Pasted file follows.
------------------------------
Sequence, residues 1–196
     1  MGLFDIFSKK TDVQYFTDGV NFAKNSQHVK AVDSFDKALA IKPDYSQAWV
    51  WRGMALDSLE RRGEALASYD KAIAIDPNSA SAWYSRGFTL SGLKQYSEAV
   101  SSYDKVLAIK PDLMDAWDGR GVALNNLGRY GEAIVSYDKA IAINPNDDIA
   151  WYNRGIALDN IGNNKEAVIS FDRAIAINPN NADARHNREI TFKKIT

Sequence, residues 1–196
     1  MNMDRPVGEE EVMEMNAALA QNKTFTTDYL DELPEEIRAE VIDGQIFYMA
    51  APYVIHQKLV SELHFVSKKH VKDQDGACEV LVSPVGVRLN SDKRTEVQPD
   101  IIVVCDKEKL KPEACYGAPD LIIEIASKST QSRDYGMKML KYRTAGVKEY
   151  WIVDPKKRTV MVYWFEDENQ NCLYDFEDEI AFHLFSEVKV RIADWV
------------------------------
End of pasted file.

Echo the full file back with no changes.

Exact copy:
Sequence, residues 1–196
     1  MGLFDIFSKK TDVQYFTDGV NFAKNSQHVK AVDSFDKALA IKPDYSQAWV
    51  WRGMALDSLE RRGEALASYD KAIAIDPNSA SAWYSRGFTL SGLKQYSEAV
   101  SSYDKVLAIK PDLMDAWDGR GVALNNLGRY GEAIVSYDKA IAINPNDDIA
   151  WYNRGIALDN IGNNKEAVIS FDRAIAINPN NADARHNREI TFKKIT

Sequence, residues 1–196
     1  MNMDRPVGEE EVMEMNAALA QNKTFTTDYL DELPEEIRAE VIDGQIFYMA
    51  APYVIHQKLV SELHFVSKKH VKDQDGACEV LVSPVGVRLN SDKRTEVQPD
   101  IIVVCDKEKL KPEACYGAPD LIIEIASKST QSRDYGMKML KYRTAGVKEY
   151  WIVDPKKRTV MVYWFEDENQ NCLYDFEDEI AFHLFSEVKV RIADWV